Polish Astronomical and Meteorological Observatory, Ivano-Frankivsk, Ukraine
(images via: Atlas Obscura and Volodymyr Osypov)
To say the old abandoned observatory in Ivano-Frankivsk, Ukraine has seen better days (and nights) would be an understatement of heavenly proportions. Dubbed “Bialy Slon” (White Elephant) soon after its opening in July of 1938, the five-story facility was hideously expensive to build and operate. Just over a year after it opened, the observatory was abandoned to invading Soviet troops who were in turn evicted by invading German troops who then passed control to occupying Hungarian troops. The Poles would never return and today the crumbling relic sits in Ukrainian territory.
Meteor Crater Observatory, Arizona, USA
(images via: SNJR and Ghosttown AZ)
Situated 6 miles north of Barringer Crater near Winslow, Arizona, Meteor Crater Observatory dates from the late 1930s when Route 66 opened up vast areas of the American Southwest to vehicular traffic. The observatory was outfitted with a telescope that was rigged to aim down, not up: visitors could get an up close & personal view of the crater without having to hike to get there. What Route 66 giveth, Route 66 taketh away, however, and Meteor Crater Observatory was abandoned when the highway was re-aligned in 1949.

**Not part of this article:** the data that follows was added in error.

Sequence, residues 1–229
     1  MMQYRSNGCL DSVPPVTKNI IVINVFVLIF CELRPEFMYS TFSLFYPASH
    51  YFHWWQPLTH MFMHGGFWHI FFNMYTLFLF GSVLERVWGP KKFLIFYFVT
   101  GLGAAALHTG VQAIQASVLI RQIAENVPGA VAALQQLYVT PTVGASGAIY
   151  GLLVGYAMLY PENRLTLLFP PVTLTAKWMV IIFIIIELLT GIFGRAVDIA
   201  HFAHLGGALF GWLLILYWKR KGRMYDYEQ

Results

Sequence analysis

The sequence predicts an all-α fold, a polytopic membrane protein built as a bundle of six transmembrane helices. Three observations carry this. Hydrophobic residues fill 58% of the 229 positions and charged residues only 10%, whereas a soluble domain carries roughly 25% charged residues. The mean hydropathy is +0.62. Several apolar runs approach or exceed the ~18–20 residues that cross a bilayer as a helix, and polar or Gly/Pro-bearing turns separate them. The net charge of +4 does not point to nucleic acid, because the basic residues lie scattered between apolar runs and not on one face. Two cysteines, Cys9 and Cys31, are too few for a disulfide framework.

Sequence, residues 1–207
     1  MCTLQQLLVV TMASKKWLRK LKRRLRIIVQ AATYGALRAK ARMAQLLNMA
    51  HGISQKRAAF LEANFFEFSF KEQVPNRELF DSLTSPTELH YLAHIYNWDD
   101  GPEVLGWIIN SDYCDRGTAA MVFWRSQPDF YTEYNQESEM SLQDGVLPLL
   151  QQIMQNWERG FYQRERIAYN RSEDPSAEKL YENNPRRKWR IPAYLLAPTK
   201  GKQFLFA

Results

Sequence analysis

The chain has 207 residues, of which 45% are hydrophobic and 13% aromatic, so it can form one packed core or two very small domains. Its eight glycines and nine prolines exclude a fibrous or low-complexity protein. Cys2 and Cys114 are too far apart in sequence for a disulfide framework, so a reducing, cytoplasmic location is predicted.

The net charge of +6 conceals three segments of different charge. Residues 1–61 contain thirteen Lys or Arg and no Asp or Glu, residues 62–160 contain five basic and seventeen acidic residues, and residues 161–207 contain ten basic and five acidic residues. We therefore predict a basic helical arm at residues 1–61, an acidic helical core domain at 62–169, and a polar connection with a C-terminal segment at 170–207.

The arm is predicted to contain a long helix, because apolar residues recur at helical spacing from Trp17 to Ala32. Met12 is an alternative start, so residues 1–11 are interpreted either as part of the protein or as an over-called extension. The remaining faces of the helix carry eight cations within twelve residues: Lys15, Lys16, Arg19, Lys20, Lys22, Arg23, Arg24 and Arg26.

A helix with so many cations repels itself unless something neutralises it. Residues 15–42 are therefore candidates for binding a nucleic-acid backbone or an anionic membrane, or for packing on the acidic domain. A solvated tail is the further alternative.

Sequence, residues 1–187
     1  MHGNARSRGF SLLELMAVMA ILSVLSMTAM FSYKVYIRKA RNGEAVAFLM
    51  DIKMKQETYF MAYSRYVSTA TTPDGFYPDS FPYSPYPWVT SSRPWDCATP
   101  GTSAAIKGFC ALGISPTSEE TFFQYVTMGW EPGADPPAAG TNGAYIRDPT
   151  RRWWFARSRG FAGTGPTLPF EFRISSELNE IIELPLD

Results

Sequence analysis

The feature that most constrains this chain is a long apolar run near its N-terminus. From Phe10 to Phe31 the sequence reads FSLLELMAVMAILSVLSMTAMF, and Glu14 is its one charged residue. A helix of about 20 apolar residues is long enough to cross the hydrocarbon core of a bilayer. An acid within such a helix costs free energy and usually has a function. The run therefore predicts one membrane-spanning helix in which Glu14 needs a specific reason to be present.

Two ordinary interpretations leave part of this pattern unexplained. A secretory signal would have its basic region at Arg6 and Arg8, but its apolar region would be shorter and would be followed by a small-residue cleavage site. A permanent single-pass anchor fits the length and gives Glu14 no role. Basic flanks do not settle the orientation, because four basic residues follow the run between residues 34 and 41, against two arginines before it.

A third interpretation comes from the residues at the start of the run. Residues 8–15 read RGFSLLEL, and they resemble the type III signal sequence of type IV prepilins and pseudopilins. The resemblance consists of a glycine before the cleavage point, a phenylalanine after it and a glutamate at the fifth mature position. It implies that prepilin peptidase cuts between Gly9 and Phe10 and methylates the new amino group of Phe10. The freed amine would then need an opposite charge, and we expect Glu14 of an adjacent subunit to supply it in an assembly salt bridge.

El Caracol Observatory, Chichén Itzá, Mexico
(images via: purolipan, Eva B and Jussi Hietaniemi)
The grand-daddy of all abandoned observatories has to be El Caracol (dubbed “The Snail” by the Spaniards, due to its internal spiral staircase) at Chichén Itzá, a once-thriving power center of the ancient Maya civilization. A deciphered stone stele at the site dates El Caracol to 906 AD, near the end of the Classic period of Mesoamerican chronology. Though the telescope wasn’t to be invented for six centuries, El Caracol is instantly identifiable as an astronomical observatory. The view from inside its dome would have afforded Mayan astronomers a grand view of the surrounding countryside to facilitate their observations.
Dickerson Houses Observatory, New York, USA
(image via: io9)
The Dickerson Houses at 62 and 64 East 34th Street in Manhattan are named for Edward N. Dickerson, a successful patent lawyer and amateur scientist. In 1877, Dickerson specified the new Queen Anne style brownstone he commissioned at 64 should include a small rooftop observatory for his 6 1/2-inch telescope. Obviously, New York City in the 1880s boasted clearer skies, not to mention unobstructed sightlines hard to imagine today.